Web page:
‘Making and Doing’ Dogon Microcosmology: Some Ethnographic, Methodological, and Conceptual Background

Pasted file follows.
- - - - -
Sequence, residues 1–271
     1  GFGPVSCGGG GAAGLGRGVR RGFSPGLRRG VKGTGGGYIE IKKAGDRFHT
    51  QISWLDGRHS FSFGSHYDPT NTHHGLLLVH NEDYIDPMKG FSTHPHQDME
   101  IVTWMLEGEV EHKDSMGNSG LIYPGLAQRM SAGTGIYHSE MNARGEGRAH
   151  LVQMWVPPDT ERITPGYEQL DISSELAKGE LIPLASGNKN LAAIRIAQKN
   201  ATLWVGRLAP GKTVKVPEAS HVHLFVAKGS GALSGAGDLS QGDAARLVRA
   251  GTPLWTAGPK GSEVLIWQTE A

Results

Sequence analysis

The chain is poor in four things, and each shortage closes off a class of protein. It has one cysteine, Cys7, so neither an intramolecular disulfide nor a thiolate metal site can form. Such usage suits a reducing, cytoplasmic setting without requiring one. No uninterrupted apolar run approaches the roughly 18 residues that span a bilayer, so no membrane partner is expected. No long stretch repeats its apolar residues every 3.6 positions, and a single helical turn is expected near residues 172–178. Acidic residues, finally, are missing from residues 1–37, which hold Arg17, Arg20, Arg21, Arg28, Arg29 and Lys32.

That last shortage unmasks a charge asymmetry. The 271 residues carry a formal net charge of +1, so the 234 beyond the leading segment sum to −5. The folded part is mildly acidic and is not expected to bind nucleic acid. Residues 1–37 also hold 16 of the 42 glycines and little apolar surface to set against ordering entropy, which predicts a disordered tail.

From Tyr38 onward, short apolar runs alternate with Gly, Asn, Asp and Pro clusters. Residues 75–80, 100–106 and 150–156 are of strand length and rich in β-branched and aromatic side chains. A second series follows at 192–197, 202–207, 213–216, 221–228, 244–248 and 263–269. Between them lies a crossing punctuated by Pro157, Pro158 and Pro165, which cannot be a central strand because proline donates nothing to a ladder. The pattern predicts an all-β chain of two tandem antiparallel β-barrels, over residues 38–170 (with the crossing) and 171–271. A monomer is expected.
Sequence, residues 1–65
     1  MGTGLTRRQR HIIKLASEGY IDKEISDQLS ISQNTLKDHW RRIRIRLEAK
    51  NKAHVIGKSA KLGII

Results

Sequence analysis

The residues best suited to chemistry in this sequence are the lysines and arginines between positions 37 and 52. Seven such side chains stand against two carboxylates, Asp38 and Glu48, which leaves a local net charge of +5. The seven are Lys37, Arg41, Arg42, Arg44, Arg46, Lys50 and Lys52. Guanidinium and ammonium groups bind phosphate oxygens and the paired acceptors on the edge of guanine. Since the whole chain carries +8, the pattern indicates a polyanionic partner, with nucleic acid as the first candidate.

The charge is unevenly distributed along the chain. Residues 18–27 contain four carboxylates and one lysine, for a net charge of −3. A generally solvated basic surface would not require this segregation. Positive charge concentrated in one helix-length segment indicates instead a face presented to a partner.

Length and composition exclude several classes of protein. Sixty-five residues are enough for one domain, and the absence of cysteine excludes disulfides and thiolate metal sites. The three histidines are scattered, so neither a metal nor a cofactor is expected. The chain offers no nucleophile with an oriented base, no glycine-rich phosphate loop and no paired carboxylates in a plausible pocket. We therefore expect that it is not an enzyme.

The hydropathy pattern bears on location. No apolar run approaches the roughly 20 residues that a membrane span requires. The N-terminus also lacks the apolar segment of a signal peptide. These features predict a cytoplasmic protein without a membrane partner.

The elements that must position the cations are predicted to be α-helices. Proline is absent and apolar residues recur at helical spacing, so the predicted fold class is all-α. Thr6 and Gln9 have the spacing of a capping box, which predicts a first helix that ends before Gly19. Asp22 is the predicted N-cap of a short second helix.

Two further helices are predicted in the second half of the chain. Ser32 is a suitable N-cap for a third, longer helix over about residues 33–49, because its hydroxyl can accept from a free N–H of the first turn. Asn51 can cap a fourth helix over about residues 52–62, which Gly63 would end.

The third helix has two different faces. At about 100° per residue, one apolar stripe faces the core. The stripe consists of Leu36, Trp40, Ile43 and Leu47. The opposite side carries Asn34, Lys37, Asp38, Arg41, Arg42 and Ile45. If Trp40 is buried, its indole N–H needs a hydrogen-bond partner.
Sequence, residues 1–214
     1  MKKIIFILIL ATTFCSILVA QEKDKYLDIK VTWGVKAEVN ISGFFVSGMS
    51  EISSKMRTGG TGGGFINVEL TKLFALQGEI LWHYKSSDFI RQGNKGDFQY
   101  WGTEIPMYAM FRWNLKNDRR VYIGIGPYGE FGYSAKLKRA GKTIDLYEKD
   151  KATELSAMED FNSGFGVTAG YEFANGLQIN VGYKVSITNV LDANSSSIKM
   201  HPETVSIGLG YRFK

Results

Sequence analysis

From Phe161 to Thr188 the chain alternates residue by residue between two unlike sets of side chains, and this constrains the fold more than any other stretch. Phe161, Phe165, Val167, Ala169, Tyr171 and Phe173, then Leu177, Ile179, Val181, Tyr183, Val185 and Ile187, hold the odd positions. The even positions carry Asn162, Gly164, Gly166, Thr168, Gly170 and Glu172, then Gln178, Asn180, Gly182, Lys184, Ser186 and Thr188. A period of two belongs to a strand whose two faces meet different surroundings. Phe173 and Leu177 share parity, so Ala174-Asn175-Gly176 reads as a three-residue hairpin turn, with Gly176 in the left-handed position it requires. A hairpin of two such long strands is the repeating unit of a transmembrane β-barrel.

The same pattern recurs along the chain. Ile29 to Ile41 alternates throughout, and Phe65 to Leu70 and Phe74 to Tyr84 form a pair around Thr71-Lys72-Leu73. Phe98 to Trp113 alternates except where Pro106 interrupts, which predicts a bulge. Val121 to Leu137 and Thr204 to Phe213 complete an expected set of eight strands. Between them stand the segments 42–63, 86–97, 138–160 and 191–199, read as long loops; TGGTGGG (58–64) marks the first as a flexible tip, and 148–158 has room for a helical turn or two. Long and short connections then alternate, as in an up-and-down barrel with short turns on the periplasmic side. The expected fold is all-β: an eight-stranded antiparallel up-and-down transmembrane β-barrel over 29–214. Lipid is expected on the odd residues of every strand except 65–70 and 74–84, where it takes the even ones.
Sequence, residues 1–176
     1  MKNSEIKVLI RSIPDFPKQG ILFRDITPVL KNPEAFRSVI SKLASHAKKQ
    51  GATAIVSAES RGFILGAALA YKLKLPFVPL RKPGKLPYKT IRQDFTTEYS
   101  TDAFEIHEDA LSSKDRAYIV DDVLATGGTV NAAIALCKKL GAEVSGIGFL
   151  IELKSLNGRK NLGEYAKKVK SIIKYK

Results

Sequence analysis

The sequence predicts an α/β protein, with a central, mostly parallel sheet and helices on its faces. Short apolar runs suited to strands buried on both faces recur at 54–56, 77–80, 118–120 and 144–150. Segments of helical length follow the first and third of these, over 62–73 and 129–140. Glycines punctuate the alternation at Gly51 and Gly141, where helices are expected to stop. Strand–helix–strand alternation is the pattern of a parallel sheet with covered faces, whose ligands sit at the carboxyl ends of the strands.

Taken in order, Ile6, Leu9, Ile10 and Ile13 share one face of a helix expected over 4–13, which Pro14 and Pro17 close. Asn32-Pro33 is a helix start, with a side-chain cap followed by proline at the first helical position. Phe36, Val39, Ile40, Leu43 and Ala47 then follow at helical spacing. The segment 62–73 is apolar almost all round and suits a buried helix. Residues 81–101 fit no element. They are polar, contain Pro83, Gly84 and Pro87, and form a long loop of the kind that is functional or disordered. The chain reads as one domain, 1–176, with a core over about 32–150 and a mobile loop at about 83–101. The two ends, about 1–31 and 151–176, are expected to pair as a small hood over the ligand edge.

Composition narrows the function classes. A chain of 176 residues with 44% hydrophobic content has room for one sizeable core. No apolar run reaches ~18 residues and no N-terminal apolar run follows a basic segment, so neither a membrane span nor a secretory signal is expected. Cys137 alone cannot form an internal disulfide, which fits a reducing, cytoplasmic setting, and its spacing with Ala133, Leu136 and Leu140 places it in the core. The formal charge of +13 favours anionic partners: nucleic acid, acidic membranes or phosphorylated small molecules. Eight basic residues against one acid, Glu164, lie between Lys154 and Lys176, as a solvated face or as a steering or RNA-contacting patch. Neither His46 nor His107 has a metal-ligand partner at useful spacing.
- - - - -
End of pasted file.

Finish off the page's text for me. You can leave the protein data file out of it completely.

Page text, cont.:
The Dogon region of Mali covers some 55,000 km2 and comprises a cluster of 700 patrilineal villages with a population of over 250,000 (Bedaux & van der Waals 2004, 7). The villagers of Tiréli, whose family name is Saye (Say) and may today number about 1,500, rely on a self-subsistence economy. Dogon men and women grow millet, the staple crop, and various subsidiary cereals, such as sorghum (Chapter 5). In addition women grow pulses, hibiscus, and groundnuts, from May to November. Onions, which were introduced during colonial times as a cash crop, are grown from December to March to be mainly sold in town. In Tiréli, Catholicism and Animism, the original worldview system (ɔmɔlɔ; Chapter 3) are the main religions practised, with Islam followed to a much lesser extent. The oldest man of the village is the highest authority of Tiréli (ámiru), and the quarter of Teri-Ku Dama is ruled by the council of elders (àna kɔ˜se). They deal with the social and political issues of the quarter and of the village; they also run ritual ceremonies, set up the agrarian calendar, administer the mask society, and forecast the weather.